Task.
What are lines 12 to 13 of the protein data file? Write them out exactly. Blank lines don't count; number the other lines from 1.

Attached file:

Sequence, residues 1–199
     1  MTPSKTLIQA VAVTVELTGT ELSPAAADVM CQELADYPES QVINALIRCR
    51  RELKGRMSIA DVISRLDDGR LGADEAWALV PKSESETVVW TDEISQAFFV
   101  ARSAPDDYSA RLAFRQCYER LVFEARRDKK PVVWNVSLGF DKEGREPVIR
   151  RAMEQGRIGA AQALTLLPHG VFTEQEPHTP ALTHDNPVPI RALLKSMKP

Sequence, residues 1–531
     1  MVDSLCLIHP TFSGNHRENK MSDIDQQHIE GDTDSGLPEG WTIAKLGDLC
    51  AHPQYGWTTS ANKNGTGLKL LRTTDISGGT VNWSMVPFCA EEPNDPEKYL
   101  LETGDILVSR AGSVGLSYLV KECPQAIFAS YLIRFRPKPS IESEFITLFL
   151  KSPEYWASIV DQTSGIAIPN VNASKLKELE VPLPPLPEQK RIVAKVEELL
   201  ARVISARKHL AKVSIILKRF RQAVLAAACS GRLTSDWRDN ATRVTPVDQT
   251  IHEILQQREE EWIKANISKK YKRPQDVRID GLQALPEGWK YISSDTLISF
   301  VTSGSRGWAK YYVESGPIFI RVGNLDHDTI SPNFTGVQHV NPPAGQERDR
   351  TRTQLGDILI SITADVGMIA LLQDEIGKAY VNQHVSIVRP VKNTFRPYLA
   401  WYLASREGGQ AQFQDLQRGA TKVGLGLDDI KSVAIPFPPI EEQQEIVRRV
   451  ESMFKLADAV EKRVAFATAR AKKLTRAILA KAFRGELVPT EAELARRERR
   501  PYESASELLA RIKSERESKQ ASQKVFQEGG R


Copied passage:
   251  IHEILQQREE EWIKANISKK YKRPQDVRID GLQALPEGWK YISSDTLISF
   301  VTSGSRGWAK YYVESGPIFI RVGNLDHDTI SPNFTGVQHV NPPAGQERDR